Risks and rules for small commercial dronesBy Mary E. Russo, CSP, ARM | December 14, 2016
Drones are entering the mainstream. The agriculture and real estate industries may currently dominate commercial usage, but a wide and varied market is shaping up. Many fields can use drone technology, including construction, surveying, oil and gas, security, television and film, and delivery services, among others. As any general liability insurer can attest, that’s a lot of potential exposure.
To keep up with the demand and risks drones may present, the Federal Aviation Administration (FAA) and U.S. Department of Transportation (DOT) released final rules for routine commercial use of small drones and unmanned aircraft systems (UAS) that become effective on August 29, 2016.
Unmanned, non-hobbyist aircraft targeted
The rules offer safety regulations for unmanned aircraft drones weighing less than 55 pounds that conduct non-hobbyist operations. Industry leaders expect the rules to open the pathway toward fully integrating drones into the nation’s airspace.
The rules are designed to minimize risk to other aircraft, as well as people and property on the ground. Pilots are required to keep unmanned aircraft within visual line of sight. Operations are allowed during daylight and twilight if the drone has anticollision lights.
The new regulations address height and speed restrictions and other operational limits, such as prohibiting flights over people on the ground who aren’t directly participating in the drone’s operation.
"With the new rules, we’re taking a careful and deliberate approach that balances the need to deploy this new technology with the FAA’s mission to protect public safety,” said FAA Administrator Michael Huerta. “But this is just our first step. We’re already working on additional rules that will expand the range of operations.”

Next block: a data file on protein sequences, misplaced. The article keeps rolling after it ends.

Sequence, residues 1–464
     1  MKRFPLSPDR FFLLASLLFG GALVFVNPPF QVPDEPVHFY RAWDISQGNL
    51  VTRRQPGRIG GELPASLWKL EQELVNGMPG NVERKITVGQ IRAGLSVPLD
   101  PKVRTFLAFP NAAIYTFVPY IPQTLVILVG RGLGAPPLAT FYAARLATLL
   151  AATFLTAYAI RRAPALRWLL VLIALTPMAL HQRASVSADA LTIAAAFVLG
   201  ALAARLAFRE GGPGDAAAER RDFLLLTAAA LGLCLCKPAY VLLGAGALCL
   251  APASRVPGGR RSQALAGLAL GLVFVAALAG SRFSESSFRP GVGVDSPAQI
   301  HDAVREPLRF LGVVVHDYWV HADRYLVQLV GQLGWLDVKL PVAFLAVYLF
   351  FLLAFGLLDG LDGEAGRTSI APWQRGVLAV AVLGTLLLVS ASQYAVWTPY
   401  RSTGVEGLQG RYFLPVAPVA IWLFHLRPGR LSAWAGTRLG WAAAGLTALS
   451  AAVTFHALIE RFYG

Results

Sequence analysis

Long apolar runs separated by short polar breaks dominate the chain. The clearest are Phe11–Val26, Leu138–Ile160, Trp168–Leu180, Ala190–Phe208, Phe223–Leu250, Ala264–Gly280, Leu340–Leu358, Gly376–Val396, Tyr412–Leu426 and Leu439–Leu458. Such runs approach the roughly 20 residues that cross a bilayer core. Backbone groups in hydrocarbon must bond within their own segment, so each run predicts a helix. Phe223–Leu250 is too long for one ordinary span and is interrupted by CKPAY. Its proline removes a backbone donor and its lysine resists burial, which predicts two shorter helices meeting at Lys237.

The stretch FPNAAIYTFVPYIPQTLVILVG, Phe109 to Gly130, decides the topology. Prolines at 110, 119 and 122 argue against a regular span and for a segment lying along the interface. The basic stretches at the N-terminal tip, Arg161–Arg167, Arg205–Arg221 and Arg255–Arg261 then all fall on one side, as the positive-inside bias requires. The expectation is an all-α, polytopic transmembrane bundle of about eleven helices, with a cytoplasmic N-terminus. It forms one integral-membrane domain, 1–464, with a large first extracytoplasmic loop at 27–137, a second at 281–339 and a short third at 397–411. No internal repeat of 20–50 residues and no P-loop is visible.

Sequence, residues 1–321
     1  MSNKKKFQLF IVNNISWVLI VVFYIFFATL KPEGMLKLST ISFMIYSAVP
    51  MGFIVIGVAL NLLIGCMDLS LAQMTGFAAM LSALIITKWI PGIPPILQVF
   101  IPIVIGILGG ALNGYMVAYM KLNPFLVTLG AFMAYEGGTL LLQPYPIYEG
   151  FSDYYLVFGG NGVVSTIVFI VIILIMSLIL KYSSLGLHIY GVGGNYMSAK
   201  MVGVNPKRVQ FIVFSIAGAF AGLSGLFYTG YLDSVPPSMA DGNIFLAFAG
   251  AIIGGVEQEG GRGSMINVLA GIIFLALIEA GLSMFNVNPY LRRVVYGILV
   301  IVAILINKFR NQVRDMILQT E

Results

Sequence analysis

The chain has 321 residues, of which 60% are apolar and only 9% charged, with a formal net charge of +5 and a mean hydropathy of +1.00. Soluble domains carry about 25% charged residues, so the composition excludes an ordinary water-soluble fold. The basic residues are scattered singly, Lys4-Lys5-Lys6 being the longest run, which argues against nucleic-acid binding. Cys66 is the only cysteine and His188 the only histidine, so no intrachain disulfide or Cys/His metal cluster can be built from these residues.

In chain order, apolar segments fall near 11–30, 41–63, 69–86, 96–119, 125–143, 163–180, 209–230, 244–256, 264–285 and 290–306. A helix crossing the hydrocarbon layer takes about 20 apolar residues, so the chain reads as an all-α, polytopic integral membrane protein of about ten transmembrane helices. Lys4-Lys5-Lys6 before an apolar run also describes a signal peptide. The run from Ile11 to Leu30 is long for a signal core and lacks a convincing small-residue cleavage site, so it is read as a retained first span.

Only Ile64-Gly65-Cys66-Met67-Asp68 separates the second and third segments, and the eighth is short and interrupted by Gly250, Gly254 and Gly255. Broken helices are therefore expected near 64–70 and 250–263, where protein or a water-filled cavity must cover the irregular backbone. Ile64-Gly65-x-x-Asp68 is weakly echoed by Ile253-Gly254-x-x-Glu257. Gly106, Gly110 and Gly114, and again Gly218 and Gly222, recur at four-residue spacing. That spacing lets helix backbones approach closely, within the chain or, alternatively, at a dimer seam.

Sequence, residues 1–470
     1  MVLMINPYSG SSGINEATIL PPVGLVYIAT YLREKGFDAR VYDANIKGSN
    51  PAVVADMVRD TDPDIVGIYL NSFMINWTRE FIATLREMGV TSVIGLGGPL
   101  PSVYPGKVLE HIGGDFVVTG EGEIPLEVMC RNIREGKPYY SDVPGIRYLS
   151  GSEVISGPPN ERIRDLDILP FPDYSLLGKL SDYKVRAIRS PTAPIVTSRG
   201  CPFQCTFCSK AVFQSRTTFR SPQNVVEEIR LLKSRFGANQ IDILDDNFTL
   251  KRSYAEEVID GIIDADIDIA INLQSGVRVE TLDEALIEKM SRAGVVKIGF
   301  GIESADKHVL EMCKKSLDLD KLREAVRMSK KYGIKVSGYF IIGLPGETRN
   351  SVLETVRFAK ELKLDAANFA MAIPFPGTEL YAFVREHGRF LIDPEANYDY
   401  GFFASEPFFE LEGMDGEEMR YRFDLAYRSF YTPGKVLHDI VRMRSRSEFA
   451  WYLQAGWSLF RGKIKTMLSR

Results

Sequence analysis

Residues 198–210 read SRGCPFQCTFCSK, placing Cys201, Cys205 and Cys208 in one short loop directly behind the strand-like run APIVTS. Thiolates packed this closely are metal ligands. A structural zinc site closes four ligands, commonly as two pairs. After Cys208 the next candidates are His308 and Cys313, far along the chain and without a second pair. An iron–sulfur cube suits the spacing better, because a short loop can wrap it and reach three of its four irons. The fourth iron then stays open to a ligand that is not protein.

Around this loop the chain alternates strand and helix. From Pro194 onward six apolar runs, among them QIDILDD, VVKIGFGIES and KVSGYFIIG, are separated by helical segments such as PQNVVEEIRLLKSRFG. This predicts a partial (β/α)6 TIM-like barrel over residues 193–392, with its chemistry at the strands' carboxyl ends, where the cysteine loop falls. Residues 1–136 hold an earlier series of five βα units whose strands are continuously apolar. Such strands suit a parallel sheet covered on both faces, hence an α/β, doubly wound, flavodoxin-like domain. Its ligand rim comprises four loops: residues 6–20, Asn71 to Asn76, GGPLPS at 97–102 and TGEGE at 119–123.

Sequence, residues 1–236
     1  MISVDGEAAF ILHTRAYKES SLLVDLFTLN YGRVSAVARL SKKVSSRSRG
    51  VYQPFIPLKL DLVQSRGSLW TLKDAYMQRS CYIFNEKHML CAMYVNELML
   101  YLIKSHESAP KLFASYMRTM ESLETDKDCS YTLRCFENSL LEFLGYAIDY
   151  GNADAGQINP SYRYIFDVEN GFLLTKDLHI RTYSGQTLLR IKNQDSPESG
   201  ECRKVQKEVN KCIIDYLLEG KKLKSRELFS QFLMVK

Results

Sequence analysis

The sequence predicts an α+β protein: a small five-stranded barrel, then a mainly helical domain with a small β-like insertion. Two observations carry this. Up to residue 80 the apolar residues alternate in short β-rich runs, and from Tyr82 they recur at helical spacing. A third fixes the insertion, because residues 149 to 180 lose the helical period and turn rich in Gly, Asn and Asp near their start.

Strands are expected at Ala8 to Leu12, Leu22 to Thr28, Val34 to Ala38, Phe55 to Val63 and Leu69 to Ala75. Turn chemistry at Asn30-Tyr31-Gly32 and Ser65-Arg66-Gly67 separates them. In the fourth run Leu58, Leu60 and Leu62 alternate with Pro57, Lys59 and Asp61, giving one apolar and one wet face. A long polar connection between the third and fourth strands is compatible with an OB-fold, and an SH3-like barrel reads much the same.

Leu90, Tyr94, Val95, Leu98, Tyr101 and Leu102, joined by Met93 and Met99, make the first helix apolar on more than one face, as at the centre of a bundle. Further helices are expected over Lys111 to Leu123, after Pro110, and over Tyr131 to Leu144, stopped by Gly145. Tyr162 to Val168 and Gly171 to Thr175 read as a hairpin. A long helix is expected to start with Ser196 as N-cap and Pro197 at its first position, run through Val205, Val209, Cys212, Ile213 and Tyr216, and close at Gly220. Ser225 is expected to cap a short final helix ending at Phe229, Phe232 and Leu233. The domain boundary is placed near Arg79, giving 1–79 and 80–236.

Under the final rule, the person actually flying a drone must be at least 16 years old and have a remote pilot certificate with a small UAS rating, or be directly supervised by someone with such a certificate. To qualify for a remote pilot certificate, you must either pass an initial aeronautical knowledge test at an FAA-approved knowledge-testing center or have an existing nonstudent Part 61 pilot certificate. If qualifying under the latter provision, a pilot must have completed a flight review in the previous 24 months and take a UAS online training course provided by the FAA. The TSA will conduct a security background check of all remote pilot applications prior to issuance of a certificate. The remote pilot is required to perform a preflight visual and operational check of the drone to ensure that safety systems are functioning properly.
Sales of drones for commercial purposes are expected to grow from 600,000 in 2016 to 2.7 million by 2020, according to the FAA. Hobbyists are expected to purchase twice that number of drones. That’s a lot of drones in the sky—and a lot of new risks for insurers.
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